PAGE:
Economic Experts Lower Growth Forecast and Raise Inflation Outlook
Economic experts expect lower economic growth for the eurozone and Germany than was forecast a few weeks ago. At the same time, inflation forecasts have been raised, which are now far above the European Central Bank’s target value. This is the result of the business cycle tableaus by ZEW Mannheim and the German daily newspaper, Börsen-Zeitung.
Economic growth in the eurozone was surprisingly strong at 0.7 per cent quarter-on-quarter, after 0.6 per cent in the first quarter. In contrast, economic growth in Germany slowed down significantly. After a strong first quarter (0.8 per cent compared to the previous quarter), the seasonally and calendar-adjusted gross domestic product (GDP) remained at the same level.
GDP forecasts continue to fall
For this year and especially next year, the experts are less optimistic than they were a few weeks ago. For the eurozone, the GDP forecast for 2023 has been revised downwards from 2.3 per cent to 1.6 per cent. For the German economy, they still expect growth of 1.7 per cent for 2022 (previously: 2.1 per cent); for 2023, the forecast has dropped from 2.5 per cent to now 2.1 per cent.
No decline in inflation in sight
Inflation forecasts have been raised significantly for both the eurozone and Germany. For the eurozone, the inflation forecast for 2022 is now 7.5 per cent (previously: 6.8 per cent) and for Germany 7.0 per cent (previously: 6.5 per cent). As before, the forecasters expect a sharp bend in the inflation trend next year, but they are less confident that inflation will decline. In 2023, inflation in the eurozone and Germany is expected to be well above the ECB’s target, at 3.7 per cent (previously: 2.7 per cent). The time for hesitant interest rate hikes is thus over.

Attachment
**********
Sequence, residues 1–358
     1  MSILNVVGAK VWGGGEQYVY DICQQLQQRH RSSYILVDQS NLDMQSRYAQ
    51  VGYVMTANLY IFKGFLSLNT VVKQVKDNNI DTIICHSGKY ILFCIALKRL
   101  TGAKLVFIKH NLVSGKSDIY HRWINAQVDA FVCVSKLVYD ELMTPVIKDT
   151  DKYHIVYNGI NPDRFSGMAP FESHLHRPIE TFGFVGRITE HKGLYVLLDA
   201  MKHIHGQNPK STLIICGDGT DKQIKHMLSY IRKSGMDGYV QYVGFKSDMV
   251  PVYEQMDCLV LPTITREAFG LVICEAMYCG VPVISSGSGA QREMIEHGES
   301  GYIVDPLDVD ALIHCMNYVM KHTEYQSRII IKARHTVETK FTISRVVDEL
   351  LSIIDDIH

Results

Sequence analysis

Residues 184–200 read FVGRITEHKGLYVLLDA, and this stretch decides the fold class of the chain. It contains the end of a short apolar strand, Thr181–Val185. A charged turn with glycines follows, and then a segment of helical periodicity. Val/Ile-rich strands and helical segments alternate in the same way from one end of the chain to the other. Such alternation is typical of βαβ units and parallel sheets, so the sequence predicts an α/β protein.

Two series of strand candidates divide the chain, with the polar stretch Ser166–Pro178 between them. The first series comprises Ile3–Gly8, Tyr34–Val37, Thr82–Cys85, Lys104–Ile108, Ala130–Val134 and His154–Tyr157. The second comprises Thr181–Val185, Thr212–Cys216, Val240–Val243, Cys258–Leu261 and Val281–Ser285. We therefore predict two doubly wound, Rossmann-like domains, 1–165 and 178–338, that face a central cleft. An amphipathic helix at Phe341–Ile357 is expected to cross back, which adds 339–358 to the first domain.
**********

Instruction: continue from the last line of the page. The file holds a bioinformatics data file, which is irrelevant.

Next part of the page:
Interest rate hikes expected, but real interest rates still in negative territory
For this reason, the interest rate forecasts continue to rise considerably. For the current year, experts predict only a slight increase to 0.4 per cent. In the coming year 2023, however, short-term interest rates are expected to rise to a median of about 1.5 per cent. This would correspond to an increase of 125 basis points from today’s level. Long-term interest rates are also forecast to rise further, to 1.5 per cent (previously: 1.2 per cent) this year and 1.7 per cent (previously: 1.4 per cent) next year. Despite these expected interest rate rises, however, the (implicitly) projected real interest rates remain well in negative territory in both years. The interest rate forecasts also show that the interest rate differential between the eurozone and the USA is likely to narrow in 2023, which will provide stability for the euro exchange rate.
Business cycle tableaus by ZEW and Börsen-Zeitung
In cooperation with Börsen-Zeitung, ZEW has been publishing monthly business cycle tableaus for Germany and the eurozone with economic key figures and forecasts since 2013. Numerous banks and institutes publish reports on the current and prospective economic situation at different intervals. The information relevant for the tableau is filtered out of these publications to compute a median, minimum and maximum of the available forecasts for the current and subsequent year.
The monthly tableaus show current GDP forecasts, its main components, consumer prices, industrial production, unemployment rate, short- and long-term interest rates, and interest rate spreads. The focus of the tableaus lies on national business cycle reports, which are complemented with forecasts from international banks and institutes. The tableau for the eurozone is enhanced by data from European banks and institutes.